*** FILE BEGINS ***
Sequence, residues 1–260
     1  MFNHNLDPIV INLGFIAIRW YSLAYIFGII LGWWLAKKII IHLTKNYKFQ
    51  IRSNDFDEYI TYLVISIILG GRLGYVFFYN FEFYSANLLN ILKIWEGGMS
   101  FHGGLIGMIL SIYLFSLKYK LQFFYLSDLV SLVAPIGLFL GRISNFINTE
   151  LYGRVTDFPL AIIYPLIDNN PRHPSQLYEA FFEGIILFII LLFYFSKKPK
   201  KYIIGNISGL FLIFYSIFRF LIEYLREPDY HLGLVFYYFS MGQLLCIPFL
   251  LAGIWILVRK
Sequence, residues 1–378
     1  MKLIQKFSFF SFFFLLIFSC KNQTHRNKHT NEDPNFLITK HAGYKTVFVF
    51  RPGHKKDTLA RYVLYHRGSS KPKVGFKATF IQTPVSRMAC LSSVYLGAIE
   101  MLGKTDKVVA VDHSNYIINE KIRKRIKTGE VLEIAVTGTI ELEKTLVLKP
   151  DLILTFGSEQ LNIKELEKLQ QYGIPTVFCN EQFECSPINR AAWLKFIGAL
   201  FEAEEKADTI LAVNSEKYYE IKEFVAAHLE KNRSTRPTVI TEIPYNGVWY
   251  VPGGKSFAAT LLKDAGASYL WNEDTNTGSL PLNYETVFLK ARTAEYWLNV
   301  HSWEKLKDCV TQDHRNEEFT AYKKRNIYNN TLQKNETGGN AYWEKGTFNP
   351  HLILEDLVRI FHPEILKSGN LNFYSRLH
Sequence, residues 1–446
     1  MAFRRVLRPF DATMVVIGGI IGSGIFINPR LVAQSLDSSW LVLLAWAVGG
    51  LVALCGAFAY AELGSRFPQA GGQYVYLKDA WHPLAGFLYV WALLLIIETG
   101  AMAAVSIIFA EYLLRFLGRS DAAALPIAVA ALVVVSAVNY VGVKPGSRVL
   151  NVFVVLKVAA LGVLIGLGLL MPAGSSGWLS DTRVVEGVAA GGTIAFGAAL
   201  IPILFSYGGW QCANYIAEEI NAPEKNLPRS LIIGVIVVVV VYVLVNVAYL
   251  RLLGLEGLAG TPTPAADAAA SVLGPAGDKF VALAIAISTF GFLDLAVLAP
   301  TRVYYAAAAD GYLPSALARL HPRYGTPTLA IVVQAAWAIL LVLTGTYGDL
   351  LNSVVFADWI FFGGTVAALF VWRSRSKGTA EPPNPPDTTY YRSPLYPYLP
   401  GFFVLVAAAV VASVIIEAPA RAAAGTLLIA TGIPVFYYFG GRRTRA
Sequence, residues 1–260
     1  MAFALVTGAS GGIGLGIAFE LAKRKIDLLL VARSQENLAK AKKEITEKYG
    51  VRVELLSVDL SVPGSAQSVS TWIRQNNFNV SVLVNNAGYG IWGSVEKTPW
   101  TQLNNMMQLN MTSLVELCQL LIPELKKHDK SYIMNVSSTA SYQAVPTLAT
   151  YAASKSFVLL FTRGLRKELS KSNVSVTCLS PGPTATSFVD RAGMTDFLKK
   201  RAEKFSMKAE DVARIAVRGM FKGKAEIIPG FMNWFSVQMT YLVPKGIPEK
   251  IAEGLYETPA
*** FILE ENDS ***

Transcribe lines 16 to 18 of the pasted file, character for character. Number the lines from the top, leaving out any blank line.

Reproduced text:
   351  HLILEDLVRI FHPEILKSGN LNFYSRLH
Sequence, residues 1–446
     1  MAFRRVLRPF DATMVVIGGI IGSGIFINPR LVAQSLDSSW LVLLAWAVGG